Illinois pork producer could benefit from pilot project exploring converting hog manure electricity
March 9, 2008 by Manure Manager
The Maschhoffs Incorporated, one
of the largest family-owned pork production networks in the U.S., may
be on the receiving end of a new anaerobic digester and electricity
The Maschhoffs Incorporated, one of the largest family-owned pork production networks in the U.S., may be on the receiving end of a new anaerobic digester and electricity generator.
The Renewable Energy Department of Ameren, which provides energy to more than two million users in Illinois and Missouri, has partnered with the Illinois Environmental Protection Agency (EPA) and the University of Illinois to study the feasibility of using methane gas from hog manure to generate heat and power on the Maschhoffs’ Carlyle, Illinois, operation.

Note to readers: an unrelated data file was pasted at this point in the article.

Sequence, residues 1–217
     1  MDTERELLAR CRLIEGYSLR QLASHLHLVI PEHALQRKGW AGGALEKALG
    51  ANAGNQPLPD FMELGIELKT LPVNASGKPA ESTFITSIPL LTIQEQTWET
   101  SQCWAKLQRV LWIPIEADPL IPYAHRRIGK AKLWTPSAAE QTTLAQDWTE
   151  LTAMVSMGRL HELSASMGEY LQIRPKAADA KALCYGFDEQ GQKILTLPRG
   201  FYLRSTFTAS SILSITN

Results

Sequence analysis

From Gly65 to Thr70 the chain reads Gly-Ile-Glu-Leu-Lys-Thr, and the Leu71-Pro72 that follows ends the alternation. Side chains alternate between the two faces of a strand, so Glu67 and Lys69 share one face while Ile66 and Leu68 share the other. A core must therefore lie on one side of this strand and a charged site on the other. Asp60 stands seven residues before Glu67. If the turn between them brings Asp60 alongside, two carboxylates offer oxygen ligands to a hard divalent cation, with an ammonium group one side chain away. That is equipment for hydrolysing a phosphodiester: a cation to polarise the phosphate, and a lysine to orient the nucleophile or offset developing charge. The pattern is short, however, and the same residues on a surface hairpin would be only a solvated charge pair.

Based on the results of the feasibility study, Ameren would work to have the system installed at the site by the end of 2007.
Manure collected from the Maschhoff farm would be stored in the digester. Methane gas would then be siphoned off the manure and used to power the generator, which may have the potential to produce between 200 and 400 kilowatts of electricity. The electricity would be used by the farm, which has a peak electric demand of over 700 kilowatts. The heat created by the generator would be used to heat the digester.
The Maschhoff site was one of several swine operations in the state considered for the project. Illinois currently ranks number five in the U.S. for hog production, and Wright says the Illinois EPA had been looking for ways to promote a CO2 sequestration program that rewards farmers for eliminating greenhouse gases that are created by hog waste.